If you've ever had a meat-lovers, stuffed-crust pizza before bed, then spent your dreams being chased around by saber-toothed wildebeests wearing top hats, you might have blamed the bizarre and unsettling experience on your evening "snack."
This tendency is so prevalent that a recent Frontiers in Psychology study endeavored to crack the supposed relationship between diet and dreams. “There is extremely little information available and also some important misinformation that keeps getting recycled,” emails Dr. Tore Nielsen, psychiatry professor and director of the Dream and Nightmare Laboratory at the Center for Advanced Research in Sleep Medicine, University of Montreal.
This lack of hard data is surprising, given society's fascination with all things food and dream-related. “This research was motivated in large part by the media itself; questions about food and dreams are among the most frequent questions we are asked," says Nielsen. These questions come up particularly around food-centric holidays like Halloween, Christmas and Thanksgiving.
The most commonly blamed nightmare-inducing culprits are cheese, spicy foods and eating too much right before bedtime. But is there any truth to this folklore? Nielsen and his team surveyed nearly 400 participants on a range of topics, such as sleep and diet quality, and asked them to report whether they thought food affected their dreams, or not.
Almost 18 percent of the participants indicated that they thought eating certain foods (or eating right before bed) made a difference in the development of disturbing dreams, with dairy products like milk, cheese, yogurt and ice cream as well as pizza being the most commonly listed (39 to 44 percent). Also blamed for disturbing dreams but to a lesser extent than dairy, were foods of the spicy, starchy or meat-based varieties.
Overall, sweets and chocolates were the second-most frequently mentioned category for dream-inducing foods after dairy, but they were most likely to foster bizarre dreams (not necessarily unpleasant, but still strange, like being able to fly) as opposed to disturbing dreams (like being chased by a werewolf).
The second part of the study delved deeper into the subjects themselves. “When we broke down our sample into subjects who reported disturbing dreams and those who reported vivid (but not disturbing) dreams, we found that there were two very different profiles,” Dr. Nielsen explains. “The disturbed dreamers had higher pathological indicators like poorer sleep, binge-eating or emotional eating, whereas the vivid dreamers had higher wellness indicators like better sleep, healthier diet and longer times between eating (what we consider a proxy measure of fasting).”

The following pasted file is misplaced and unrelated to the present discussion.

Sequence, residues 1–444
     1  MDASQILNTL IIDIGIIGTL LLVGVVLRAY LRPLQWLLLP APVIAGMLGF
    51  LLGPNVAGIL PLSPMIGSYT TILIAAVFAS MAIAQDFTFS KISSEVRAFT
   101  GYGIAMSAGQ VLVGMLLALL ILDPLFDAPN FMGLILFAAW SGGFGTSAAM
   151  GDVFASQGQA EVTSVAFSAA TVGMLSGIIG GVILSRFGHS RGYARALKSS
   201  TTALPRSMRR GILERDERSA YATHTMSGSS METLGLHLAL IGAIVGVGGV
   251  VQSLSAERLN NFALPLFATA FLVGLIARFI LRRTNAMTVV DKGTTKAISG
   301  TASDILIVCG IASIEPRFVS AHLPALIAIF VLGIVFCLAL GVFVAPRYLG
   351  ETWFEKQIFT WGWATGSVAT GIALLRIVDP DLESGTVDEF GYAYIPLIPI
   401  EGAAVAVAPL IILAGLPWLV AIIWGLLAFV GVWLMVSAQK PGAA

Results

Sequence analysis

The fasting note struck a chord with the scientists because various cultures have long documented the effect of the practice on dreams. “The finding for fasting, in particular, was of interest because of very old literature documenting how different peoples have used fasting to induce the recall of spiritual and life-guiding dreams (‘vivid dreams' in our study),” he says. Although it might be a stretch to recommend fasting if you're looking for some type of nocturnal divine intervention, it's certainly preferable to dream vividly, in place of a nightmare starring a deranged ax murderer.
There are any number of theories on why certain foods affect our dreams. People with certain health considerations, like gastroesophageal reflux disease (GERD) have different sensitivities than others.
“Foods that affect GERD tend to be either spicy or fatty foods,” says Amy Korn-Reavis with Emery Sleep Solutions in Orlando, Florida, via email. “The closer you eat them to bedtime, the more likely they are to affect you. This is because they are heavier and produce more acids to digest. This causes people with weak muscles at the top of their stomach to have acid move into their esophagus.” She notes that this added effort impacts the time and length of valuable REM sleep, thereby affecting the type and duration of dreams.
"Other foods that may affect sleep is really [based on the] individual. I have heard that some patients find that if they eat simple sugars like candy or chocolate, they have more vivid dreams. This may be because they have lighter REM [sleep] due to the higher glucose levels in the blood but there are not a lot of studies on it," she adds.
Research on the subject of diet and dreams is far from over. “We need to start experimental studies that systematically vary what people eat (and when) and whether this induces any regular change in their dream content,” Nielsen says.